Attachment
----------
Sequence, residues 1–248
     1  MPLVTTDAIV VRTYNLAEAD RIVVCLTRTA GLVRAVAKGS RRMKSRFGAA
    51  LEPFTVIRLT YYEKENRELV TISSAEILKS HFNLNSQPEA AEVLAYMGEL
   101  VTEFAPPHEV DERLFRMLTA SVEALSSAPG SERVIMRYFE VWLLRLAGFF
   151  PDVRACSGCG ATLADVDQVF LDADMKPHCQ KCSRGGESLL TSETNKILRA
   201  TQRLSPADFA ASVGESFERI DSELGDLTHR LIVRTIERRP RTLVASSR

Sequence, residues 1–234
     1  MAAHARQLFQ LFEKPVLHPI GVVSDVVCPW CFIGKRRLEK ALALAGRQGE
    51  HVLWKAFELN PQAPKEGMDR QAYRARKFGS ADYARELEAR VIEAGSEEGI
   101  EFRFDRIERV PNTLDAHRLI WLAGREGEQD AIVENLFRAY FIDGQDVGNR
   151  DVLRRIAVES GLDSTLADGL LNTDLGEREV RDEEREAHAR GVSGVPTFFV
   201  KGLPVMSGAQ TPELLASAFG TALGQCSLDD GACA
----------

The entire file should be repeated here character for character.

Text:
Sequence, residues 1–248
     1  MPLVTTDAIV VRTYNLAEAD RIVVCLTRTA GLVRAVAKGS RRMKSRFGAA
    51  LEPFTVIRLT YYEKENRELV TISSAEILKS HFNLNSQPEA AEVLAYMGEL
   101  VTEFAPPHEV DERLFRMLTA SVEALSSAPG SERVIMRYFE VWLLRLAGFF
   151  PDVRACSGCG ATLADVDQVF LDADMKPHCQ KCSRGGESLL TSETNKILRA
   201  TQRLSPADFA ASVGESFERI DSELGDLTHR LIVRTIERRP RTLVASSR

Sequence, residues 1–234
     1  MAAHARQLFQ LFEKPVLHPI GVVSDVVCPW CFIGKRRLEK ALALAGRQGE
    51  HVLWKAFELN PQAPKEGMDR QAYRARKFGS ADYARELEAR VIEAGSEEGI
   101  EFRFDRIERV PNTLDAHRLI WLAGREGEQD AIVENLFRAY FIDGQDVGNR
   151  DVLRRIAVES GLDSTLADGL LNTDLGEREV RDEEREAHAR GVSGVPTFFV
   201  KGLPVMSGAQ TPELLASAFG TALGQCSLDD GACA